Last week an article in the Washington Post casued quite a stir among nonprofits who raise funds online. To Nonprofits Seeking Cash, Facebook App Isn’t So Green says that the “Causes” social network application available on Facebook, MySpace and other social networks hasn’t met expectations. This has provoked a lot of discussion and some deserved criticism of the article in the nonprofit fundraising blogosphere. CC supporter and leading social media expert Beth Kanter has a couple posts that serve as a great place to dive into the discussion if you’re interested.
CC’s experience with the Causes application is in line with most nonprofits mentioned in the WaPo article and subsequent discussion. We’ve raised $2,688 via the application on Facebook and a whole $45 on MySpace. This apparently puts us in the top “tiny fraction” of nonprofits who have used the application and rasied more than $1,000.
However, we don’t consider this a failure at all. Raising funds to support a public good is hard work, online or offline, and there is no magic bullet. It takes time to learn how to most effectively use each new tool. Simply raising money isn’t the only way to gauge the success of a fundraising tool — in fact financial contribution often only follows other forms of engagement. The almost 40,000 people who have “joined” our cause on Facebook have signaled to us (and their friends!) their support, and over the years we hope to earn the financial support of many of these people. Also,we feel it’s pretty important for an organization like Creative Commons to engage deeply with social media tools, because that’s a significant part of the universe we help enable.
We offer a whole range of ways to signal your support of Creative Commons, most importantly by using our licenses. Please explore the best means for you to support CC, and invite your friends to do so as well, on social networks such as Facebook and otherwise. If you can make a financial contribution now, please do so. We’ll ask again during our annual fall campaign!3 Comments »
The U.S. Department of Education’s American Recovery and Reinvestment Act of 2009: Using ARRA Funds to Drive School Reform and Improvement (warning: Microsoft Word .doc) mentions Open Educational Resources (emphasis added):
Use technology to improve teaching and learning. Purchase and train teachers to use instructional software, technology-enabled white boards, and other interactive technologies that have been shown to be effective aids for instruction, particularly for English language learners, students with disabilities, and both struggling and advanced learners. Use open education resources or purchase high-quality online courseware in core high school content areas.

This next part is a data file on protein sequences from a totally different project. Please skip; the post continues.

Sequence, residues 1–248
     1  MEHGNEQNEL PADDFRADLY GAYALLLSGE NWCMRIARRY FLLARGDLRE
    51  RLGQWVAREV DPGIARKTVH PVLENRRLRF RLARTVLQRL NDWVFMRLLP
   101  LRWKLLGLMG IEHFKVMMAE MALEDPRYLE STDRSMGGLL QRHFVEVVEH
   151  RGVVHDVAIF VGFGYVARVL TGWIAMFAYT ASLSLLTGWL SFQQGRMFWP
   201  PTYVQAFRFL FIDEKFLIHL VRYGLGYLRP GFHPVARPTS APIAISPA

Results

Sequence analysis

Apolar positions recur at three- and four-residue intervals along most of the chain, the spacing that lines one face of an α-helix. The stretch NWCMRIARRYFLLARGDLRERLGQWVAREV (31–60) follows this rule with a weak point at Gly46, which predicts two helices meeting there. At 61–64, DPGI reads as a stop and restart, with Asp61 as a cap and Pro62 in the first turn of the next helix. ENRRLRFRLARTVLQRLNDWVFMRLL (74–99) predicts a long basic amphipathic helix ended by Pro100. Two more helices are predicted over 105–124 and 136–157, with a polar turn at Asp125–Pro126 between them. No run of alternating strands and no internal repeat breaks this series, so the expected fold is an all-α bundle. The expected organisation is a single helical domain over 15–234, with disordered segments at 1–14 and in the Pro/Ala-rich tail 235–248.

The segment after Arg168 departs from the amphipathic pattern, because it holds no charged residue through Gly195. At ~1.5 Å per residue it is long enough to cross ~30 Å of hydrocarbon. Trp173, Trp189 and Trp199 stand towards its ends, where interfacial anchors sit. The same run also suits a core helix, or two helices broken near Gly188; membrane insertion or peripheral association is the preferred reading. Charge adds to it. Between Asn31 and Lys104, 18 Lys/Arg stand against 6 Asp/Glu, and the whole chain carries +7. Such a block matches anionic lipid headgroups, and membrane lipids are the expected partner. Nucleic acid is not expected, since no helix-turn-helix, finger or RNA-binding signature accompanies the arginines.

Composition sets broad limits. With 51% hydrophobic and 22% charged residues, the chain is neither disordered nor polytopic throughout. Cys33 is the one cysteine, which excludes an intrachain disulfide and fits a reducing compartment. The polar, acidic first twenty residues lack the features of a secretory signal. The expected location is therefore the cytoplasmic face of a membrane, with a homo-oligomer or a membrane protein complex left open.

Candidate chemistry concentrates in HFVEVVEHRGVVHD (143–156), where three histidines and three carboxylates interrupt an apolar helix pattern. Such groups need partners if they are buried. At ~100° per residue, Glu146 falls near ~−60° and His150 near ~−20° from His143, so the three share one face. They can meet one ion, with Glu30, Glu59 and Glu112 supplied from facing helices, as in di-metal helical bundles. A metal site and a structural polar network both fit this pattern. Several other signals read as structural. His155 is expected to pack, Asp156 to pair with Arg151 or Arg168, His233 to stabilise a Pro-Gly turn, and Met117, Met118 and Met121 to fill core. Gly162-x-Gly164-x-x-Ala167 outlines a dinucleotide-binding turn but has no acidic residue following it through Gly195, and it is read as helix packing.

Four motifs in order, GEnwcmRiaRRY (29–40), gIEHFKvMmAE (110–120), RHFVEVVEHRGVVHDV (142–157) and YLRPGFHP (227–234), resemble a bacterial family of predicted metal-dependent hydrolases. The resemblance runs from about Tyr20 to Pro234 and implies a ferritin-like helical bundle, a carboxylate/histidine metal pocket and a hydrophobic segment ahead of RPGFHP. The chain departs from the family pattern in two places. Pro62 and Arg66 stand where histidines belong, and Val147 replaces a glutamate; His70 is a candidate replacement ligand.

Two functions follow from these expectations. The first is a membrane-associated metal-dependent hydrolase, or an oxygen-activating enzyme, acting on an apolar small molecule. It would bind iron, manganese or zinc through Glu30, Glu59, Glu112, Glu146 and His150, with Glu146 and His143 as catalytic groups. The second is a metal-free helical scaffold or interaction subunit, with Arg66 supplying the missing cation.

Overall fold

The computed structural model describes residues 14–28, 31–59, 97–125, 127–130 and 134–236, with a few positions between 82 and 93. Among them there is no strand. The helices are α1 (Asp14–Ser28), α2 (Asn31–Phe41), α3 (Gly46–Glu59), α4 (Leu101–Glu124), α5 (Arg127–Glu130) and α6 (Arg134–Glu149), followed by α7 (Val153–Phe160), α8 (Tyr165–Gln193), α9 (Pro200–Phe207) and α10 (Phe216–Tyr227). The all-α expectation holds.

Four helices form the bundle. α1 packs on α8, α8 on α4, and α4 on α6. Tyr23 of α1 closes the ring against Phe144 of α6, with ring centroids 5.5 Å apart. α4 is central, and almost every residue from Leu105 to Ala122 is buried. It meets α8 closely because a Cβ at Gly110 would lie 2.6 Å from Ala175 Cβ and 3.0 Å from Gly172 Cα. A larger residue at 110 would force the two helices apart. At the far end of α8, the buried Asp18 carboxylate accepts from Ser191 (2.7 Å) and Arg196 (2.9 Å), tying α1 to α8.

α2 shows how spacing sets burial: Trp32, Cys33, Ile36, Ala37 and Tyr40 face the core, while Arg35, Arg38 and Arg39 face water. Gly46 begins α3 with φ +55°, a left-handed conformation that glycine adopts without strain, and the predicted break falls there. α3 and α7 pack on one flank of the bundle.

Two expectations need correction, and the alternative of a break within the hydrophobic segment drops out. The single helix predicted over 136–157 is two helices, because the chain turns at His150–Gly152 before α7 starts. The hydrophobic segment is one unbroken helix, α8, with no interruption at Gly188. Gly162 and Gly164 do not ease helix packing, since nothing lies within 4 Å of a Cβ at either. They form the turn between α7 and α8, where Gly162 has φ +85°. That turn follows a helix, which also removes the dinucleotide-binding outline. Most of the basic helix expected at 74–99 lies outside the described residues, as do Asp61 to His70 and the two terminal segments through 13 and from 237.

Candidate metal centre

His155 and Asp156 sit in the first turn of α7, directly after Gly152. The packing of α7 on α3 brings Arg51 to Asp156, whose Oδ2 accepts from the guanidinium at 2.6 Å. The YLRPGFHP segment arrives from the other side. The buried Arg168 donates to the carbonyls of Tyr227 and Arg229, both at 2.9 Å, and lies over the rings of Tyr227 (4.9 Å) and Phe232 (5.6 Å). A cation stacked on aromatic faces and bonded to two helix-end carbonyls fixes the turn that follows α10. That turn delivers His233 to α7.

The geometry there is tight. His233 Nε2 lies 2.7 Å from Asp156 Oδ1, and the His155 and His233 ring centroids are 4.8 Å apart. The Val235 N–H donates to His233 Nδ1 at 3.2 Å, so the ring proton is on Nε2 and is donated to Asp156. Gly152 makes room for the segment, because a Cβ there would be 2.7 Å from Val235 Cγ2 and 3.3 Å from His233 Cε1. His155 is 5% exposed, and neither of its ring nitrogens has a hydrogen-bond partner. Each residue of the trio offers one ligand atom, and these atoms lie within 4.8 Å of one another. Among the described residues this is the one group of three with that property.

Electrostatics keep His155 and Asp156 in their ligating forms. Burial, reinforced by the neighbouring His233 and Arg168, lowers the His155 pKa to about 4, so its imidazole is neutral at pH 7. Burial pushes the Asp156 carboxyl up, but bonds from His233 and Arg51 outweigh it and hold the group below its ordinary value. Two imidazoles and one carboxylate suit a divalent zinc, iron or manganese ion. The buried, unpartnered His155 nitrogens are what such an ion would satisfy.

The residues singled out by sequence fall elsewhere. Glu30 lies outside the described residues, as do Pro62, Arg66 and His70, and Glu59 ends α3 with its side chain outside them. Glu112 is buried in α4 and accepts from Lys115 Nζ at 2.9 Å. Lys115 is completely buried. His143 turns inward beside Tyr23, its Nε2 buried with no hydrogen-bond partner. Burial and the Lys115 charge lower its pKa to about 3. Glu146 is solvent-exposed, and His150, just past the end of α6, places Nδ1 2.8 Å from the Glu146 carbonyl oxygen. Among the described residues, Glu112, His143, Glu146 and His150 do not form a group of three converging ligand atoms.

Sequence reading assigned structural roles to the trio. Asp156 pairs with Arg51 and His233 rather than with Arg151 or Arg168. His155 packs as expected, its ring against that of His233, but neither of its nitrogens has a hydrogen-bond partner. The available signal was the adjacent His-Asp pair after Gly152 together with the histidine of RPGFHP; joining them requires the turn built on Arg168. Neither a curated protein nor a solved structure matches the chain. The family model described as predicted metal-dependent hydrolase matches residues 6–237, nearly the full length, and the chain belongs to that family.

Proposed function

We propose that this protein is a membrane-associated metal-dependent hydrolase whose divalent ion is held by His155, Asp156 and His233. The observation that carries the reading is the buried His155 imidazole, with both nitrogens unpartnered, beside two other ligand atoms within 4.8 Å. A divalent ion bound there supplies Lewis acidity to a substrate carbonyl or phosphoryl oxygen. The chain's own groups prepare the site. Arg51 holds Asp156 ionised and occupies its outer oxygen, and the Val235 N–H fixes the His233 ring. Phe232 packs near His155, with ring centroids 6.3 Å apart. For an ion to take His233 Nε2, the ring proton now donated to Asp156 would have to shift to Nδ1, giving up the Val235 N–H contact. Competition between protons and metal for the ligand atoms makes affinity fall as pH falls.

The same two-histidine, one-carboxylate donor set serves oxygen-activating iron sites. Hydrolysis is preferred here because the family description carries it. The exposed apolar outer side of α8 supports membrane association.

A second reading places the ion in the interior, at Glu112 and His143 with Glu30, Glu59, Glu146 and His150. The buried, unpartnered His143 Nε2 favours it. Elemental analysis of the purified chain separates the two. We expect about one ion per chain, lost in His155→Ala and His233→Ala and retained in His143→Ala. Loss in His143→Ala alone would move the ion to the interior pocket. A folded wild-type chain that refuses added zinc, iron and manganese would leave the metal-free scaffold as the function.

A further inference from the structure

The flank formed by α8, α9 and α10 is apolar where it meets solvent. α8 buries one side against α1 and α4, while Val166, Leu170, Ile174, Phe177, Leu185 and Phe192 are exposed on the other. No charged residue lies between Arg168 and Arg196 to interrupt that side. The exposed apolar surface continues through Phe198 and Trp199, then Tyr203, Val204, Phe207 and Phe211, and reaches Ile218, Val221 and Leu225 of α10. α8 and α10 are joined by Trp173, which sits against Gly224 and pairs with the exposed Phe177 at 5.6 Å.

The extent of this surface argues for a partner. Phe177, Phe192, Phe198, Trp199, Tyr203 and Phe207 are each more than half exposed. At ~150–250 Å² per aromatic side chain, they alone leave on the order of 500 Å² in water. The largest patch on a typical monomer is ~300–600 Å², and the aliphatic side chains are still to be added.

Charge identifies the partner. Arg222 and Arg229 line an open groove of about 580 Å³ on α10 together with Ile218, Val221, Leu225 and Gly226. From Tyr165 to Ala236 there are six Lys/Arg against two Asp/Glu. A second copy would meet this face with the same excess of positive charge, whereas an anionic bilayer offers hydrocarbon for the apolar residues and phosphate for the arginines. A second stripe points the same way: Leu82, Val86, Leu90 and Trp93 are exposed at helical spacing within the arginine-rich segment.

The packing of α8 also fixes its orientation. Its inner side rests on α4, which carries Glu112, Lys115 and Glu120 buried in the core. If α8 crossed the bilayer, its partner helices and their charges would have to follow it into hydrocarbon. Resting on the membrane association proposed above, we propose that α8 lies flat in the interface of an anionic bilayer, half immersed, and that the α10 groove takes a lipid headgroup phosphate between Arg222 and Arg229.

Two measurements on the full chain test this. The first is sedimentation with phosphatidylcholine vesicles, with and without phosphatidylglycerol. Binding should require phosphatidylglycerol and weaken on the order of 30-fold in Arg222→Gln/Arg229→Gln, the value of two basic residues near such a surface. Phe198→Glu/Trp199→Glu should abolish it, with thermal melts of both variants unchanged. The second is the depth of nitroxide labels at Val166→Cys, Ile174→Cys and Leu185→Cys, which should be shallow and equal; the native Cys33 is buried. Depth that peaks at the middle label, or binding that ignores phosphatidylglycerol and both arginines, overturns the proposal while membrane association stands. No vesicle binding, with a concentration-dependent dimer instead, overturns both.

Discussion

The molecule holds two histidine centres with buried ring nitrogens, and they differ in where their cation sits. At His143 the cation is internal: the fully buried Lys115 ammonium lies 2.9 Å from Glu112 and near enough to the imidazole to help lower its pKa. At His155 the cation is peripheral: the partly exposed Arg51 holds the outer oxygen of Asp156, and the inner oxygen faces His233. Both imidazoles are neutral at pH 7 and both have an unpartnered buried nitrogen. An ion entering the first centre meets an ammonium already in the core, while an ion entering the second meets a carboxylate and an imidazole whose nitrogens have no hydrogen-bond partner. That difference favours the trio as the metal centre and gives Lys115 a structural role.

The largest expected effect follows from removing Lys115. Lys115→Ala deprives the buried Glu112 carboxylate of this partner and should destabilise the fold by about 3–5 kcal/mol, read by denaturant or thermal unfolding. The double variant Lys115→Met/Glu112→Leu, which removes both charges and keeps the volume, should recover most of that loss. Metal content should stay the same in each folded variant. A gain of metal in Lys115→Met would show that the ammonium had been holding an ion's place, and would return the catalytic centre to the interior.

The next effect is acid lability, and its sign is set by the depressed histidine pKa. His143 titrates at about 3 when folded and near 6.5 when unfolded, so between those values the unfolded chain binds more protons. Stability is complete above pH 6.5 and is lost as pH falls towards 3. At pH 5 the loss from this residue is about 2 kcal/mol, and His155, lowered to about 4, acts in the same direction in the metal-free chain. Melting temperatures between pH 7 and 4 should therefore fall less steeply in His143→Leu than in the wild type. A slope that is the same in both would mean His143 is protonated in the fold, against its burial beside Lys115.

This may seem like a very weak mention, but in context is a very important step forward for the legitimacy of the OER movement.Comments Off
The microblogs have been a-buzz this morning about news of the launch of the official White House Flickr stream featuring photos from Obama’s first 100 days in office. While the photos are licensed under our Attribution license, one could make the very strong argument that they’re actually in the public domain and can be used without attribution (though one would have to be careful and respect the personality rights of the private citizens featured in some of the photos). The photos are likely in the public domain because they are works created by the federal government and not entitled to copyright protection. As you might recall, the Whitehouse.gov’s copyright notice indicates as much.
Why would the White House then choose Attribution for their Flickr stream? Simple, unlike communities like Wikipedia and Thingiverse, Flickr doesn’t allow their photographers to choose Public Domain as an option to release their work to the world. So the Obama team must have picked the next best option: Attribution only.8 Comments »
We just turned on the first big creativecommons.org site design changes since October 2007. If you’re reading in a feedreader and haven’t visited the main CC site in awhile, here’s a home page screenshot:
The blog (which of course you’re reading now) no longer dominates. Of course headlines from the main CC blog and from jurisdiction projects are still present on the home page, and you can always visit the main blog page or planet for the full blog experience.
Previously we made the CC wiki match the main site’s theme as closely as possible. That was a good idea at the time, but now that the world is more familiar with wikis, we’ve brought wiki tools and navigation to the fore. Here’s a screenshot of wiki navigation for a logged in user:
We’ve also made some incremental improvements to license deeds, consolidating important items that aren’t top level license properties under a “With the understanding that:” heading, see screenshot below:
If you have ideas about how we could improve creativecommons.org sites, please leave a comment, file a bug, or even submit a patch. All of CC’s sites are built on free software and are themselves free software. Visit our code repository and a guide to where to find source code for the themes we use for WordPress, MediaWiki, and Drupal.6 Comments »